sad and solemn procession has moved; the badge of mourning has already been decreed, and presently the sculptured marble will lift up its front, proud to perpetuate the name of Hamilton, and rehearse to the passing traveller his virtues. Just tributes of respect! And to the living useful. But to him, mouldering in his narrow and humble habitation, what are they? How vain ! how unavailing!

Approach, and behold, while I lift from his sepulchre its covering! Ye admirers of his greatness; ye emu. lous of his talents and his fame, approach, and behold him now. How pale! How silent! No martial bands admire the adroitness of his movements: no fascinated throng weep, and melt, and tremble, at his eloquence! Amazing change! A shroud! a coffin! a narrow, subterraneous cabin! This is all that now remains of Hamilton! And is this all that remains of him? During a life so transitory, what lasting monument, then, can our fondest hopes erect!

My brethren! we stand on the borders of an awful gulf, which is swallowing up all things human. And is there, amidst this universal wreck, nothing stable, nothing abiding, nothing immortal, on which poor, frail, dying man can fasten? Ask the hero, ask the statesman, whose wisdom you have been accustomed to revere, and he will tell you. He will tell you, did I say? He has already told you, from his death-bed, and his illumined spirit, still whispers from the heavens, with well known eloquence, the solemn admonition.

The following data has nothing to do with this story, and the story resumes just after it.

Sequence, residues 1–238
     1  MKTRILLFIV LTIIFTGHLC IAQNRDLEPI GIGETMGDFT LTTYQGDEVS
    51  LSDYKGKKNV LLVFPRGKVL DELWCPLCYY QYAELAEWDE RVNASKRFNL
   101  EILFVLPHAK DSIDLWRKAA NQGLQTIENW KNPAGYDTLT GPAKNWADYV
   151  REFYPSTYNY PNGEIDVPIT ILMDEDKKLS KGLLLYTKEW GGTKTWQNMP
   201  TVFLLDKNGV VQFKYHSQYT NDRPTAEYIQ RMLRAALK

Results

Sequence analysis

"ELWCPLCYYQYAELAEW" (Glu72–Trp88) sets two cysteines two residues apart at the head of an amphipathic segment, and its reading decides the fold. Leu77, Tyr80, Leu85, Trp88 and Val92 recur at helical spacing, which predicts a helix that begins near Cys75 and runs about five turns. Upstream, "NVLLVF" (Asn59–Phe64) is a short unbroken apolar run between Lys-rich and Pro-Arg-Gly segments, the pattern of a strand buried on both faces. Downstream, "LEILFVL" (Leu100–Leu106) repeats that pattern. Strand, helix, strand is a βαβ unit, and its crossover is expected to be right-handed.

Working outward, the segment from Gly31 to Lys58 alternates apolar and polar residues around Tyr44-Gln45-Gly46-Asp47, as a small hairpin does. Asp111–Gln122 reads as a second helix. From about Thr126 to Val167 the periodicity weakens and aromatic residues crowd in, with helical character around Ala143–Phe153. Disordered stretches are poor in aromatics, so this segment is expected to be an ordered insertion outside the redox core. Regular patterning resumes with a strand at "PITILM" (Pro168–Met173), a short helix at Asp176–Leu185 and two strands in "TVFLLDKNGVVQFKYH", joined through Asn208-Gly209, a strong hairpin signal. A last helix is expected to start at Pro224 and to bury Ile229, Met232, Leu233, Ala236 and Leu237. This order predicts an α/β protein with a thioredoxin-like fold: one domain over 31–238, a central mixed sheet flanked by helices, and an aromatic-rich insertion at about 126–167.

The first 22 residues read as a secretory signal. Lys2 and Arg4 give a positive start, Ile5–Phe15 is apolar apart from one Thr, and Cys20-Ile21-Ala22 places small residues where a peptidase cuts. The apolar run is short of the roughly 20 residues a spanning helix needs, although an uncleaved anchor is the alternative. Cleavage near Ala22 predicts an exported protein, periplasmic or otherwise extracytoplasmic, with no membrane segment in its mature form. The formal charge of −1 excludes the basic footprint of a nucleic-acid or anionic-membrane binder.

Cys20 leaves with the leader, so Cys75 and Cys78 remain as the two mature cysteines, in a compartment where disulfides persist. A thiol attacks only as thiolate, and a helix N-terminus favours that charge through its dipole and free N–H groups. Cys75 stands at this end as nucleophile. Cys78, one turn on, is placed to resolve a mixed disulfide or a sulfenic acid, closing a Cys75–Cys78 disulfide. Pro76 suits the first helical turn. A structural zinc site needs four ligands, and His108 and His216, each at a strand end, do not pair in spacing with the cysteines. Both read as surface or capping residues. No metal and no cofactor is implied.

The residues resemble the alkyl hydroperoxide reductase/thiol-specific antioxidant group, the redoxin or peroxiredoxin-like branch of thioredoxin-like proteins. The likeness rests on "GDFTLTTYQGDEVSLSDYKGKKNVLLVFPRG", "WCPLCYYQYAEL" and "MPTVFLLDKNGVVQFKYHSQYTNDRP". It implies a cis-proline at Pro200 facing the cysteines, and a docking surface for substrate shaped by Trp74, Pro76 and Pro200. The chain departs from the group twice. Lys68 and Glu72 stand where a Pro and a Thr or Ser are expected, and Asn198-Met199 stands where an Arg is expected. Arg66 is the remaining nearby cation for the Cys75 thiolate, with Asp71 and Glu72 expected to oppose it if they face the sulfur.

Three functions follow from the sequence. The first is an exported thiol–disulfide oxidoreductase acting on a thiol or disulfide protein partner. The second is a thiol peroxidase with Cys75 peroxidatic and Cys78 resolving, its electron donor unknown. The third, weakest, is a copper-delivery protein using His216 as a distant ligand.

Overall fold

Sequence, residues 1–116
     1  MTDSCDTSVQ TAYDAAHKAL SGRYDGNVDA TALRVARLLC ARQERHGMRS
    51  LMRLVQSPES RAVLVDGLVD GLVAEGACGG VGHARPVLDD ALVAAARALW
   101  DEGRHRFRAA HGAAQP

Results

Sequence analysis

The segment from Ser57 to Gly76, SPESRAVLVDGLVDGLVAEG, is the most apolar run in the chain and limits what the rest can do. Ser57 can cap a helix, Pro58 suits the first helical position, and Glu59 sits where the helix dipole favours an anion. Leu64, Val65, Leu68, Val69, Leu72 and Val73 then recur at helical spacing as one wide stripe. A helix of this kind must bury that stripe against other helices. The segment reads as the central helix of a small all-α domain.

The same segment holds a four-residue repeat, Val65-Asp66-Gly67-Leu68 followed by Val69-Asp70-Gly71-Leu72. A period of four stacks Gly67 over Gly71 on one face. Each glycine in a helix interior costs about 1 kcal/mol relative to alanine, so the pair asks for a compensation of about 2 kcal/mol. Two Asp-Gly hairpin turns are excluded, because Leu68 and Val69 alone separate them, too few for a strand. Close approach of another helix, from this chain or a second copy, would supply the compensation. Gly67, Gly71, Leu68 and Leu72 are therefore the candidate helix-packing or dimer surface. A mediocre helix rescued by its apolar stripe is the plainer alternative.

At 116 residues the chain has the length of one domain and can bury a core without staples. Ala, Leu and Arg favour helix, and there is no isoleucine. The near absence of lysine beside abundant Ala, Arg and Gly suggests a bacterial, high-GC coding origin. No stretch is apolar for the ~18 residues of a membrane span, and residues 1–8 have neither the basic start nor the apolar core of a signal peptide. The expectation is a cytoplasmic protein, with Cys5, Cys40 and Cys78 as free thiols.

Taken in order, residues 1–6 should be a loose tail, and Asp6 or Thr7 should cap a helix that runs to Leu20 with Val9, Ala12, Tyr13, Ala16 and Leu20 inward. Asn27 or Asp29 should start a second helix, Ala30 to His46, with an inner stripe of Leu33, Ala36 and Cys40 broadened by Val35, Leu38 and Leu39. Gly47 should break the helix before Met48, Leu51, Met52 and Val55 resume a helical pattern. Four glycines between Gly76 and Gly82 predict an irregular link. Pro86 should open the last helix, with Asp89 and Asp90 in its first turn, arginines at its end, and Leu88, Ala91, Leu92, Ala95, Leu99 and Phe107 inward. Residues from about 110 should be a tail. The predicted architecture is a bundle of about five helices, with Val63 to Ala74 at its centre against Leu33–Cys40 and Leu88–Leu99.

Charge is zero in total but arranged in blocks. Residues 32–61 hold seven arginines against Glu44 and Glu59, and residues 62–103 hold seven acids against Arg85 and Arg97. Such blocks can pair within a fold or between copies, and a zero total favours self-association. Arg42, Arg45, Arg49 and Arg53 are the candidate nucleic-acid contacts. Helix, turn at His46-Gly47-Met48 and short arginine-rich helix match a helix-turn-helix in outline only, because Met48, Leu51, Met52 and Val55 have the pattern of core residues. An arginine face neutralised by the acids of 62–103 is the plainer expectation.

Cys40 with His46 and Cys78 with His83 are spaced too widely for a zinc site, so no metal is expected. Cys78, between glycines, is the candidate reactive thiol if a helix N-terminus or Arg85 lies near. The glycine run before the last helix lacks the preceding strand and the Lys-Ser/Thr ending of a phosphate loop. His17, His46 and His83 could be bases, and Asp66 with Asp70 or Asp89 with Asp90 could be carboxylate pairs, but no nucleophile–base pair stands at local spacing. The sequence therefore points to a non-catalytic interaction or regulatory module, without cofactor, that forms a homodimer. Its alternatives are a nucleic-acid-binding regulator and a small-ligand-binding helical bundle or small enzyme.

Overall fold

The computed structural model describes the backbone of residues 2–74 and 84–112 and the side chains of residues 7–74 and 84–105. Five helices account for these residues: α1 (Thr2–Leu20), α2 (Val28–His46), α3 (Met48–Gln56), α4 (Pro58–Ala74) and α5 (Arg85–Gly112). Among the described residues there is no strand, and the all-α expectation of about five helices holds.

6 Mortals! hastening to the tomb, and once the companions of my pilgrimage, take warning and avoid my errors; cultivate the virtues I have recommended; choose the Saviour I have chosen; live disinterestedly; live for immortality; and would you rescue any thing from final dissolution, lay it up in God.”

Thus speaks, methinks, our deceased benefactor, and thus he acted during his last sad hours. To the exclusion of every other concern, religion now claims

renfled to the sure, and